As part of post World War II reconstruction plans for London, in the 1950s the City of London set up the ‘Pedway Scheme’. Influenced by the German Bauhaus movement, Pedways were elevated walkways with the aim of separating pedestrians from street level traffic. 

A number of Pedways were built in the City, but by the 1980s the scheme was generally discontinued, although a new one was built in the Barbican development in 2017 (St Alphage Walk). The majority of London Pedways (now called Highwalks) exist in the Barbican area.

When you get up to the Highwalk, turn right, walk along, then turn right again, sign posted to the London Museum, on to the St Alphage Highwalk. Below, on the right you will pass the St Alphage Garden, containing some of the remains of the London Wall, and on the left the Tower of St Elsyng Spital.

At the end of St Alphage Highwalk, turn left into Alban Highwalk. After passing an office entrance, turn first right under the covered pathway onto the Bastion Highwalk.  From this Highwalk, you will see the remains of one of the Bastions (fortifications added in the Medieval Period).
Continue along until you come to a left turn on to a footbridge over London Wall.  Descend the lift or stairs here and on emerging on to London Wall turn right and cross Noble Street to the churchyard of St Olave Silver Street.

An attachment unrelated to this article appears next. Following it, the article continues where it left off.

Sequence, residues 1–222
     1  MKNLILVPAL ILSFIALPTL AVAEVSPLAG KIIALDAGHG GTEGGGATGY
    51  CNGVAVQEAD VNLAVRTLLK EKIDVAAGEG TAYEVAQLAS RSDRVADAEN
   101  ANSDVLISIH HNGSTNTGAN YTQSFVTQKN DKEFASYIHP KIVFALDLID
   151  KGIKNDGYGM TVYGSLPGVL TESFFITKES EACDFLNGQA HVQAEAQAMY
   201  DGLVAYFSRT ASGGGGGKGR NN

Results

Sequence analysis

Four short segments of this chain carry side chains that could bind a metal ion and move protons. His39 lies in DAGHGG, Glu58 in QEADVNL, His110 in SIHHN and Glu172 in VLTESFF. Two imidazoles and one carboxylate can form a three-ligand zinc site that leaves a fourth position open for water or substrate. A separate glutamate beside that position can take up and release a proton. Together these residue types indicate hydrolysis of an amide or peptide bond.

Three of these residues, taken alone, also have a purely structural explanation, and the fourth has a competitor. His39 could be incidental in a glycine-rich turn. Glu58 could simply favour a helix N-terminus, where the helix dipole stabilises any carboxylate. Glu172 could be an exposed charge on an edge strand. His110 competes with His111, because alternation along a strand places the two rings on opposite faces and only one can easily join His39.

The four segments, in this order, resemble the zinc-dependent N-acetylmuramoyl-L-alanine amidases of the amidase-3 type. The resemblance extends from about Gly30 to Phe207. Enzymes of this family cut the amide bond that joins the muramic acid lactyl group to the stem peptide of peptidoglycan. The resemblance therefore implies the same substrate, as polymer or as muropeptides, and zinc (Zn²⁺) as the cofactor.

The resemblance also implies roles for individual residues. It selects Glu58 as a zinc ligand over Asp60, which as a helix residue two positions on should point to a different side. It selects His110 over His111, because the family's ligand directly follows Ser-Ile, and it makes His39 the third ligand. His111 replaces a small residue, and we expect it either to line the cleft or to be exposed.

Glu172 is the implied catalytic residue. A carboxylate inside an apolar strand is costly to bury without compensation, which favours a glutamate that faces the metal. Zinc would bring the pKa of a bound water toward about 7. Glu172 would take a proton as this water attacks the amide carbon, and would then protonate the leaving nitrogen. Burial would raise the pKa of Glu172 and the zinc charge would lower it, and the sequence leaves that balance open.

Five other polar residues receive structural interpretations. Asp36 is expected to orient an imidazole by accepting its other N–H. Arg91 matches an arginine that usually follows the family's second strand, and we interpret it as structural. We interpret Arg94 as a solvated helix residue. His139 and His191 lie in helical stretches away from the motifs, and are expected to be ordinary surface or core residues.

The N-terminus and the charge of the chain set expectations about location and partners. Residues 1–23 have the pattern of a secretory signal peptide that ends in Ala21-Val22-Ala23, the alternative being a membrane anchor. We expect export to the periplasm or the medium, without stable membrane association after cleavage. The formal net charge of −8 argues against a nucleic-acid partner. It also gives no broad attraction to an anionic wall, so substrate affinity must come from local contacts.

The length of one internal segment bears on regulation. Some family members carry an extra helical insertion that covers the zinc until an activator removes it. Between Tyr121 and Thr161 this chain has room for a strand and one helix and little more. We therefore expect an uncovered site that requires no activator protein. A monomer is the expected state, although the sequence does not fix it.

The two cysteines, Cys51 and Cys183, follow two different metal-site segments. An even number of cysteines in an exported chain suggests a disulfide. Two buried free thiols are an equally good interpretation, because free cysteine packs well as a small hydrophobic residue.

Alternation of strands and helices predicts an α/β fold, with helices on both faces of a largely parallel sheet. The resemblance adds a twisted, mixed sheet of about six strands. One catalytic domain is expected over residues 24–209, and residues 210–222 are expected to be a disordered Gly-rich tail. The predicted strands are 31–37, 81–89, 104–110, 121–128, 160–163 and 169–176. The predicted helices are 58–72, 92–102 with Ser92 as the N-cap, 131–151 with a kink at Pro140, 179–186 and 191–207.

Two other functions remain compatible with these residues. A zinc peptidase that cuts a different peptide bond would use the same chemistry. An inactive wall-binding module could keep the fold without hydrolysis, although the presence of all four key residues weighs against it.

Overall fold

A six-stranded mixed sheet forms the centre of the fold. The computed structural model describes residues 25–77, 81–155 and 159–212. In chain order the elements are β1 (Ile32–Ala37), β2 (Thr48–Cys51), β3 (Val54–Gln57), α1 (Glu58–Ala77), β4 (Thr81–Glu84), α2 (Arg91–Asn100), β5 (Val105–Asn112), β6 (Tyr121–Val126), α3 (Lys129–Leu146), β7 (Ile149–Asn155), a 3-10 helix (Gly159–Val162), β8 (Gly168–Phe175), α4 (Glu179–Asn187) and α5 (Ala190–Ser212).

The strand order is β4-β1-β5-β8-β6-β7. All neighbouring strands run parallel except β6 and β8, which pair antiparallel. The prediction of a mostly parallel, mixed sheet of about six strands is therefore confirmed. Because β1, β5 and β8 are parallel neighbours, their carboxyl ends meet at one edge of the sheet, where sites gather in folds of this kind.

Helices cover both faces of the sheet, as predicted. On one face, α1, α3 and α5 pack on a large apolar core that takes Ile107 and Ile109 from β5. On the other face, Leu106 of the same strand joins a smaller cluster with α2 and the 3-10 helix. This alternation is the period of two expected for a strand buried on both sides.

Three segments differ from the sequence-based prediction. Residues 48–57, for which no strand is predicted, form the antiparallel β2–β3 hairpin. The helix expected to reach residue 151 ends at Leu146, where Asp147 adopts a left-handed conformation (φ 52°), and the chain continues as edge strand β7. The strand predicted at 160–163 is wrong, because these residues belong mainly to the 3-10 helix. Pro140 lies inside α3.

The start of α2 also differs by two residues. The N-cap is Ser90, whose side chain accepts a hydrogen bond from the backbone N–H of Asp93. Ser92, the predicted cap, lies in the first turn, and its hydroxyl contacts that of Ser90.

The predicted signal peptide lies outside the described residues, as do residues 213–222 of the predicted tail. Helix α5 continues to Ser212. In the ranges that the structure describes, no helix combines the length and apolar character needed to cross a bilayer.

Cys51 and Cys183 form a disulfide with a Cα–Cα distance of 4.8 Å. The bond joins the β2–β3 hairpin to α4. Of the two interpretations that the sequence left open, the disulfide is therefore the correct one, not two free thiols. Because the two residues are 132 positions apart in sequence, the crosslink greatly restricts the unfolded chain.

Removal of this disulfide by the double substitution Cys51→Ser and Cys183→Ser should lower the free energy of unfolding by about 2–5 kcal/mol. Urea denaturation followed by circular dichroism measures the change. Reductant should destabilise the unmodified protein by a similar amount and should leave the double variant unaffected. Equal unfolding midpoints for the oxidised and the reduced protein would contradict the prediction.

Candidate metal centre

On the corner of London Wall and Noble Street is a small park, once the churchyard of St Olave Silver Street.  There is a blue Plaque referring to William Shakespeare on the low wall of the park facing Noble Street.

St Olave's church burned down in the Great Fire of 1666, and Silver Street itself now no longer exists, as it was destroyed in the Blitz. Here is a link to a photo taken before WW2 from the churchyard that shows Silver Street. 

Shakespeare lodged in Silver Street, Cripplegate with the Mountjoys, a Huguenot family who were tire (decorated headdress) makers.

This is one of the two places in London where there is a record that Shakespeare lived there. The evidence is a legal record where Shakespeare was called to give evidence in a law suit where Stephen Bellot, Christopher Mountjoy's ex-apprentice, sues for non-payment of a promised dowry after marrying Mountjoy's daughter, Mary. 

Looking north across the London Wall road, you can see remains of the Roman Fort, part of the London Wall and the Barber-Surgeons Hall. Barber-Surgeons were given permission to dissect bodies here (or rather in the previous incarnations of the hall). The bodies were buried, after dissection, in St Olave Silver Street Churchyard.